Elon Musk , car manufacturer Vauxhall, Gucci parent company Kering and beer maker BrewDog are among the brands that have offered up money and production lines to create the items needed to treat and contain the coronavirus .
Manufacturers of essential medical devices such as ventilators and antiviral products such as hand sanitser are struggling to keep up with the unprecedented demand, as outbreaks of coronavirus continue around the world.
In response, numerous companies with similar production capabilities and material resources -- including automotive, cosmetics and alcohol manufacturers -- are stepping up to bolster the supply.
Engineering companies explore manufacturing ventilators
Tesla and SpaceX founder Elon Musk tentatively offered his companies' support in producing more ventilators, as European countries and the United States report shortages.
"We will make ventilators if there is a shortage," Musk tweeted .
Ventilators are life-saving medical devices that are used to mechanically fill the lungs of patients with oxygen, which can become infected and fill with fluid in severe cases of coronavirus.
"Tesla makes cars with sophisticated hvac systems," Musk added . "SpaceX makes spacecraft with life support systems. Ventilators are not difficult, but cannot be produced instantly."
In the UK, car manufacturer Vauxhall has said that it can 3D-print ventilator parts in its Ellesmere Port plant, in response to an appeal by prime minister Boris Johnson .
The UK's health secretary Matt Hancock has confirmed that the National Health System's 5,000 adult-sized ventilators would not nearly be enough to meet demand, while the German and Italian governments have placed orders for another 10,000 and 5,000 units respectively .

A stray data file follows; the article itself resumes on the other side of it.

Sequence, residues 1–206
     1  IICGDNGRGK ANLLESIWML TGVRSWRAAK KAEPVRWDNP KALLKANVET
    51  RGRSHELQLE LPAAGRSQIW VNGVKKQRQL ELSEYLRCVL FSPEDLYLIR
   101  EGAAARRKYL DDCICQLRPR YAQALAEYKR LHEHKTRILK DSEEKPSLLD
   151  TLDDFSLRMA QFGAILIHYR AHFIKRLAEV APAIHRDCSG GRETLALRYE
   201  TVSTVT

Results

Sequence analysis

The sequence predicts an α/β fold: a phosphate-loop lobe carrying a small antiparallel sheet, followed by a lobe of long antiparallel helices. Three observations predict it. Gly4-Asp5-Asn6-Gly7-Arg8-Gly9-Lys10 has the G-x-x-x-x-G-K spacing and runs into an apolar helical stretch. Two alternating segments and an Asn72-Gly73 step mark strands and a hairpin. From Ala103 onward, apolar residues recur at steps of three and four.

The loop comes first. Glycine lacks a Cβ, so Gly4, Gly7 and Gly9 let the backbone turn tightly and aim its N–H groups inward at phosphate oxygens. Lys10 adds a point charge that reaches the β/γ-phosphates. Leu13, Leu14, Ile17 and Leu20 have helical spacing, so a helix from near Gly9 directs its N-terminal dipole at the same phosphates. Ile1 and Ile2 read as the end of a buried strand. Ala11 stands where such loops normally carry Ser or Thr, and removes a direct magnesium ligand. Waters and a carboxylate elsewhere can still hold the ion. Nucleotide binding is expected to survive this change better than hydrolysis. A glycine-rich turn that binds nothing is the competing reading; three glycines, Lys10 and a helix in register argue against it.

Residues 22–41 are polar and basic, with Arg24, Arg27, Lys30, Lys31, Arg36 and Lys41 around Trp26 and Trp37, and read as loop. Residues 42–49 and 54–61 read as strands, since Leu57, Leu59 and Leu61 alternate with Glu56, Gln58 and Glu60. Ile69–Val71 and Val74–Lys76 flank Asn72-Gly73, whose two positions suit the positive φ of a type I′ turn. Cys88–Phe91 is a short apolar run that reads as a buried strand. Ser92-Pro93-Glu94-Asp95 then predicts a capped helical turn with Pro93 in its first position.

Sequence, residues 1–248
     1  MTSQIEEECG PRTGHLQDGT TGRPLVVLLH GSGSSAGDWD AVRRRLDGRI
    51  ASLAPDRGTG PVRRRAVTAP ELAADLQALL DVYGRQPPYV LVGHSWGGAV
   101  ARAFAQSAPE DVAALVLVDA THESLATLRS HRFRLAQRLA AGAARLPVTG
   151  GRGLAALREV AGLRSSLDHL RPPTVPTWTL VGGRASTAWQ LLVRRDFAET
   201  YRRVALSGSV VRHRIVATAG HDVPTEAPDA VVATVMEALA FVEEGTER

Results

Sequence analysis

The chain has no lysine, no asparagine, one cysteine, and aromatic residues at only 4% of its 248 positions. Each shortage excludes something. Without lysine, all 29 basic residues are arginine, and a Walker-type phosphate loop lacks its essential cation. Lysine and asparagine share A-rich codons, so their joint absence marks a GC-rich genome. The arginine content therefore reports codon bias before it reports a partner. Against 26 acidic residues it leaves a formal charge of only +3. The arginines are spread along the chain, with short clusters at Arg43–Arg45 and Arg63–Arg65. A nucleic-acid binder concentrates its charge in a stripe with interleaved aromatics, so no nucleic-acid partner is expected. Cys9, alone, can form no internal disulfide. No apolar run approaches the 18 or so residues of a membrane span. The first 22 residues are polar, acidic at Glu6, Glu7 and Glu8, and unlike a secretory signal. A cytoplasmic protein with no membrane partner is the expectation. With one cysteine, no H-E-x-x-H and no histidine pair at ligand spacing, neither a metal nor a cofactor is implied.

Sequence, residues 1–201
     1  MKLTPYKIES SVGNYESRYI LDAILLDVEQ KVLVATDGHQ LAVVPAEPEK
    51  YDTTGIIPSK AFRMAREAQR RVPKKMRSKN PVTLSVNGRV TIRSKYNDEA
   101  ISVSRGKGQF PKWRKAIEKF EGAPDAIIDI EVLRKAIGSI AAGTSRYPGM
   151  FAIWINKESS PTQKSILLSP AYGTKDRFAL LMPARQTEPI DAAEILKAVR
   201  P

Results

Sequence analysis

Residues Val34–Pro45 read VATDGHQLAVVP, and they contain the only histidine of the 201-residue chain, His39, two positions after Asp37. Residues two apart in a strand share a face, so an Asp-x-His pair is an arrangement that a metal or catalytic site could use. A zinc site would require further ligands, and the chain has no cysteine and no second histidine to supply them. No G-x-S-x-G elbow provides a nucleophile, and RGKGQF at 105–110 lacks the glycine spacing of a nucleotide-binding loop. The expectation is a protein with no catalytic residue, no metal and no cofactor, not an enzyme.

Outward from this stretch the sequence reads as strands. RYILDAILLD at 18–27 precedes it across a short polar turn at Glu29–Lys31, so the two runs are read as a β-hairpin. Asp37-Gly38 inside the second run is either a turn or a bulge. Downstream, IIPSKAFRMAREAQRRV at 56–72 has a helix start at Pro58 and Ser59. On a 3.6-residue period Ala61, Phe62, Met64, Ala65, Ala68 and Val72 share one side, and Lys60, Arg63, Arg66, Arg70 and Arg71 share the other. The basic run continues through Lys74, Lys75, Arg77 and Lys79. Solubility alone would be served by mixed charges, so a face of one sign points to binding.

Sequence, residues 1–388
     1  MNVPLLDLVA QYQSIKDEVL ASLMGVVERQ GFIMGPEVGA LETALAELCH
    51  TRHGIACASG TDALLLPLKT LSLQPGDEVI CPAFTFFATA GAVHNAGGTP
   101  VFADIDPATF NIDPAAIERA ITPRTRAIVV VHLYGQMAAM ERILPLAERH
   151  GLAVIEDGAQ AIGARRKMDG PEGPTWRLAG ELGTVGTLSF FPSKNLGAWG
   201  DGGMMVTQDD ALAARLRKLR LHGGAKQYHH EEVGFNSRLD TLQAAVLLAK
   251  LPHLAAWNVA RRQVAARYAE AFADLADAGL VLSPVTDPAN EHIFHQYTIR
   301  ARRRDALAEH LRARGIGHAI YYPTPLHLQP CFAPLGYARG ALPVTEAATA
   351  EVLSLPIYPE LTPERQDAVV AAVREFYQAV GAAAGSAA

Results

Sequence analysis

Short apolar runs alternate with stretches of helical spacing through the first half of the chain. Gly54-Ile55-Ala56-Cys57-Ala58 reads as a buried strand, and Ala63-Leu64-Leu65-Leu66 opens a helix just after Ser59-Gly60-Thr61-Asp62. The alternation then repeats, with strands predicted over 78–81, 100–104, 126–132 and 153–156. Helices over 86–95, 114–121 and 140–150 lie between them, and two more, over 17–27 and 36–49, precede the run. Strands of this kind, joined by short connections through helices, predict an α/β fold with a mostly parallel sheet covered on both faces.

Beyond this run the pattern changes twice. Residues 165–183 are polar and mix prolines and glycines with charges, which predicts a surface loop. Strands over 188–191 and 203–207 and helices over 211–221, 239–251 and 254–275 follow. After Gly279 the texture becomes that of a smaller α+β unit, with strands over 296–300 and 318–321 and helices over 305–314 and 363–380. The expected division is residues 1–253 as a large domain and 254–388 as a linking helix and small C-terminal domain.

Other car brands including Rolls-Royce and Jaguar Land Rover , as well as General Motors and Ford in the US, have also said that they are looking into the practicalities of how they could help. Multinational plane manufacturer Airbus is doing the same in its teams across the UK, France, Spain and Germany.
However, experts including Helen Meese, founder of medical technology consultancy The Care Machine , have cautioned that the industry's stringent regulations could stand in the way of production.
She told CNN Business that "being able to turn production lines manufacturing processes over is not something that can be done overnight, it will take many weeks".
Alcohol and cosmetics brands turn to hand sanitiser
As stocks of hand sanitiser and its constituent ingredients are running low across Europe , UK brewery BrewDog , Deeside Distillery , Verdant Spirits and LVMH have all repurposed factories to begin production of the antiviral gel.
Hand sanitisers are effective against viruses provided that they have an alcohol content of at least 60 per cent, meaning they can help to slow the spread of the pandemic alongside regular hand washing.
LVMH, the French conglomerate behind fashion house Louis Vuitton , is retooling three of its cosmetics factories to produce 12 tonnes of sanitising gel, which will be delivered to hospitals in Paris free of charge.
BrewDog is making the product in its distillery, with the aim of providing it to those in need from next week. Deeside Distillery near Aberdeen and Dundee's Verdant Spirits will also begin production in the weeks ahead.
Italian fashion houses show their support
With stocks of medical equipment running low in Italy, Miuccia Prada and Patrizio Bertelli, CEOs of the Prada Group , have contributed six fully equipped intensive care and resuscitation units to hospitals in Milan.
Italy is now the world's worst-affected country, as the death toll has overtaken that of China and hospitals are struggling to accommodate the influx of patients.
Others have opted to donate money instead, with French luxury group Kering donating £1.82 million to health care organisations in the country's worst-affected areas.
After recently resorting to live streaming its Milan Fashion Week show due to coronavirus fears, Giorgio Armani is giving £1.14 million to four hospitals in Rome and Milan.
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